This can get quite complicated. For example, Kentucky residents can chose to use the federal homestead exemption instead of the modest state exemption.  But in all states you can’t pick and choose between the various federal and state exemptions. Section 522(b)(1) of the Bankruptcy Code. If you are in a state where you can use the federal homestead exemption, you can’t use any of the state exemptions that might be better for another category of assets. In the example of Nevada and Florida residents, who have such a large or unlimited homestead exemption, if they use that advantageous state homestead exemption they must use their state’s exemptions even if the federal ones may be better in other property categories.

Also, you can’t move to a new state and immediately claim that state’s generous homestead exemption. You must be “domiciled” in your new state for 730 days, or two years. Section 522(b)(3) of the Bankruptcy Code

Finally, your homestead exemption might be limited by a federal cap on the amount you can clam if you bought your home within 1,215 days (3-years and 4 months) before filing bankruptcy. Section 522(p) of the Bankruptcy Code. Effective April 1, 2019 (and for 3 years thereafter), this cap amount is $170,350. This is relevant only if your state homestead exemption is larger than this relatively large amount.

Need Legal Advice

There are other potential complications, depending on your situation. For example, what qualifies as a “homestead” to which you can apply the homestead exemption? What if you’re not on the title but instead buying a home on contract? What about leasehold interests you may have?  What happens if you own the property with your spouse, or with somebody else?

Your homestead exemption situation could well be very straightforward. But it may not be, even when it seems like it is. You need to get legal advice about this. It would be one of the first topics you would cover with your bankruptcy lawyer, and hopefully get reassured about.

Bankruptcy—including Chapter 7—can be a great way to protect present and future equity in your home. But it’s crucial to know for sure which homestead exemption applies to you, and whether it will definitely protect your home.

 

Chapter 7 vs. 13 When Your Vehicle is Worth Too Much

January 19th, 2018 at 8:00 am

Usually your car or truck is protected in bankruptcy with a vehicle exemption. Or if the vehicle is worth too much Chapter 13 can protect it.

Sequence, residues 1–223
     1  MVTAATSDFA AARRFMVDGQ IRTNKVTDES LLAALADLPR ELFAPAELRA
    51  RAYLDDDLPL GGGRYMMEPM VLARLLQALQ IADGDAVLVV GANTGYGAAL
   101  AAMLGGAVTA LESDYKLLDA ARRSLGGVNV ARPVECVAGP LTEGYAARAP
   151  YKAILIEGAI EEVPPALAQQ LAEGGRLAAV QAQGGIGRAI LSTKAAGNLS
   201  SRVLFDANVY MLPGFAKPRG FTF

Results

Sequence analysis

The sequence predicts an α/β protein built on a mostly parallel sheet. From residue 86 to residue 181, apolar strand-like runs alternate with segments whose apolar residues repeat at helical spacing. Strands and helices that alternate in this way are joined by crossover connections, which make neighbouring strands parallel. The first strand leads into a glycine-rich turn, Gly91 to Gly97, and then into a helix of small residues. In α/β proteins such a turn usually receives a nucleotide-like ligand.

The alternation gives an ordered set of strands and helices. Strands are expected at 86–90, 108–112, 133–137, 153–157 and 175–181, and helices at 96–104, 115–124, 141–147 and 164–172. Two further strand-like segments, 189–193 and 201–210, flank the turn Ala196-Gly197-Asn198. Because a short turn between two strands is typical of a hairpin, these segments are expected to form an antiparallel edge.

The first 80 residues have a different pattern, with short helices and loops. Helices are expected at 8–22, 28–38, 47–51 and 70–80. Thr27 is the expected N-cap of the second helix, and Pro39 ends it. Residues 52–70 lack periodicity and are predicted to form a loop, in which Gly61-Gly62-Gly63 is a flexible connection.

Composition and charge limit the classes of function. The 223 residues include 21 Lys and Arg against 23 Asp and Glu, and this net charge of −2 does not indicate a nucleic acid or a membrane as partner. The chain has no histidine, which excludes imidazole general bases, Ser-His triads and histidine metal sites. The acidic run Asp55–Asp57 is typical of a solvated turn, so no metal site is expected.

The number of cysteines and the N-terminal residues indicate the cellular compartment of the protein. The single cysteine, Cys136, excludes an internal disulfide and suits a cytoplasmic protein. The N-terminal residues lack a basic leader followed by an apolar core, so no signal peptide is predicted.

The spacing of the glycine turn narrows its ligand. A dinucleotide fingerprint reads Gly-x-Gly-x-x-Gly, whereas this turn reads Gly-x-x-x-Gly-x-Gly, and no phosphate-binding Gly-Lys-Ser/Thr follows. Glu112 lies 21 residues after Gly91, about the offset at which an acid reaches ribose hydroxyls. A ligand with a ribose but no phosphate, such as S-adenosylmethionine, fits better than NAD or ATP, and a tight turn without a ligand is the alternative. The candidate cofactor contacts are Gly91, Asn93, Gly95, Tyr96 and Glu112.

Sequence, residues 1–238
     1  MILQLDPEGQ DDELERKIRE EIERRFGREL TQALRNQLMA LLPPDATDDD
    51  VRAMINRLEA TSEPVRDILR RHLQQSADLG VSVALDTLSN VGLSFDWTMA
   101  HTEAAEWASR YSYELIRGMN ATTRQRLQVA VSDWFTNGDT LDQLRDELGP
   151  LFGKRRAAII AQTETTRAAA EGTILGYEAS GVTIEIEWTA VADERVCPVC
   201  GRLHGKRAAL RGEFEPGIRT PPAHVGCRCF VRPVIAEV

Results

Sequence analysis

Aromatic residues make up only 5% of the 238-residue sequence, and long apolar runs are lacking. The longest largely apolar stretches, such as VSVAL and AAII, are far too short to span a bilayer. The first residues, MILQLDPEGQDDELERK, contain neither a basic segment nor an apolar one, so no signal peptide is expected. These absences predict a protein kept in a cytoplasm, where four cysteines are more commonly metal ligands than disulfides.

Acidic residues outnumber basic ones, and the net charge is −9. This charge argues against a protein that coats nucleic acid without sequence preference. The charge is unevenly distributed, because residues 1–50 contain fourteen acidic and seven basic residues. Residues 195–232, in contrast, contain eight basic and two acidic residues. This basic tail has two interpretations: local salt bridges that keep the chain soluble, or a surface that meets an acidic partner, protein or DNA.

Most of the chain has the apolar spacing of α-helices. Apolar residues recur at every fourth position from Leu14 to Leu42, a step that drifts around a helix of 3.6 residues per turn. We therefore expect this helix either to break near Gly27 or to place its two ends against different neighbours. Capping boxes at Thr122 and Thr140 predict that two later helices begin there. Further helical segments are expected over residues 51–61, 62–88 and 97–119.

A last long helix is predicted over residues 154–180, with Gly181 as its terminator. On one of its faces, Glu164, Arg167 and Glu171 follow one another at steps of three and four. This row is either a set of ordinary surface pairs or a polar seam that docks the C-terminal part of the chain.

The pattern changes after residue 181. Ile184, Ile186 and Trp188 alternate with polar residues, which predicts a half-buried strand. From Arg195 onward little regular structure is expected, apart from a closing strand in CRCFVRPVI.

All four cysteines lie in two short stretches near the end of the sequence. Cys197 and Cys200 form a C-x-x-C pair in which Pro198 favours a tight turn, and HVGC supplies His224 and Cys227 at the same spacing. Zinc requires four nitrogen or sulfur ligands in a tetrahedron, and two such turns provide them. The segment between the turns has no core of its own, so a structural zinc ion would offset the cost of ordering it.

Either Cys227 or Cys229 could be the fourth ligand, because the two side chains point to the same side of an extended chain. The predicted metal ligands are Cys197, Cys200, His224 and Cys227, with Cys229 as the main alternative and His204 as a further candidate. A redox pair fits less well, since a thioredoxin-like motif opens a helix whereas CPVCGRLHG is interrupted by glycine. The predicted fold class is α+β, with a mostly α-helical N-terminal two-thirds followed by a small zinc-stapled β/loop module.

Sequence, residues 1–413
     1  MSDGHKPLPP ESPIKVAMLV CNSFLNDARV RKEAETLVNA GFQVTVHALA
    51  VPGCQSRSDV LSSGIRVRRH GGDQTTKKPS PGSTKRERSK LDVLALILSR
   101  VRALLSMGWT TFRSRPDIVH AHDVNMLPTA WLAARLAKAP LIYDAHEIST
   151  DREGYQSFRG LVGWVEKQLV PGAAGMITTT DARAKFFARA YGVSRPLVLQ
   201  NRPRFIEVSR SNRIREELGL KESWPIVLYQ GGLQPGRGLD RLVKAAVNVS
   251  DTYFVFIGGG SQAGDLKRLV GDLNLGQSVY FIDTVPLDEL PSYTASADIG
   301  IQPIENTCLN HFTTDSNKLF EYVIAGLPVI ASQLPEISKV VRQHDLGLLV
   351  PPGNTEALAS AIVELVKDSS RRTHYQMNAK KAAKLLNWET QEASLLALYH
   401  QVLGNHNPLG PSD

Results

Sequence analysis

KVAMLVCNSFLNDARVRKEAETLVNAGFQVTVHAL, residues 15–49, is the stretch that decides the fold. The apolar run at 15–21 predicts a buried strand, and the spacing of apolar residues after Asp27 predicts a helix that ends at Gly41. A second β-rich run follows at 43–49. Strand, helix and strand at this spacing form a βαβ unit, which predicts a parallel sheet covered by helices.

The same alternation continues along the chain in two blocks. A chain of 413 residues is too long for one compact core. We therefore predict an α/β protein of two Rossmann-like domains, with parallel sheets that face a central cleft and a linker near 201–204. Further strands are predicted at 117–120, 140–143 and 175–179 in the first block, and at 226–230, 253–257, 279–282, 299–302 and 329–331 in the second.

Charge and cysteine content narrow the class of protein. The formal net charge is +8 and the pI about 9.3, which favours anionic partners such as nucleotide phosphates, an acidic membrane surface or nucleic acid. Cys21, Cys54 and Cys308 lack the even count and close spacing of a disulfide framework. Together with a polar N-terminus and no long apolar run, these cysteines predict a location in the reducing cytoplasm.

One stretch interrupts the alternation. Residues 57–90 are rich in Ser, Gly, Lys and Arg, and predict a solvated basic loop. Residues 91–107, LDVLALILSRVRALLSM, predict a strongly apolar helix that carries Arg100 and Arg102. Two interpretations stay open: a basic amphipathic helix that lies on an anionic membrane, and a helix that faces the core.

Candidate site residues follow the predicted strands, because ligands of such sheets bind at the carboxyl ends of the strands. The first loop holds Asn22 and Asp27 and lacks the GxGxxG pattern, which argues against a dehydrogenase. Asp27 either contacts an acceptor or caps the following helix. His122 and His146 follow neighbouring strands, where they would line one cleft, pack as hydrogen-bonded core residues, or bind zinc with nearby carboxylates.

How Chapter 7 and Chapter 13 affect your vehicle and vehicle loan can determine which of these options you choose. That’s why we’ve focused the last several blog posts on the differences between these options. We’ve especially looked at reaffirming a vehicle loan in Chapter 7 vs. cramming it down in Chapter 13. Depending on your circumstances one of these is likely a safer and/or less expensive way to keep your vehicle.

But there is another consideration we don’t want to lose sight of. What if you have too much value in your car or truck? What if you either own it free and clear or else it has lots of equity? What if you’re not worried about your lender but rather with the bankruptcy trustee taking your car or truck?

Exemption for Your Vehicle

Why would a bankruptcy trustee be interested taking your vehicle?

Actually, most of the time the trustee wouldn’t be. You are allowed to keep a certain amounts of value or equity in your possessions when filing bankruptcy. These allowances are called “exemptions.” Each state has different exemption amounts for different possession or asset categories. Often their exemption systems are quite different, not just in the amounts protected but also in how they work otherwise. 

With vehicles, often you are allowed a certain exempt dollar amount per vehicle. But in some states there’s a larger catch-all exemption category that your vehicle(s) can fit into along with other assets. Sometimes that catch-all amount changes depending on whether you are exempting your home. The bottom line is usually there’s no problem because your vehicle(s) is (are) fully exempt.

A bankruptcy trustee is only interested in taking your vehicle if it’s worth more than the allowed exempt amount. Or sometimes a vehicle will not qualify for the exemption so it’s not protected at all—such as if you have more than one vehicle.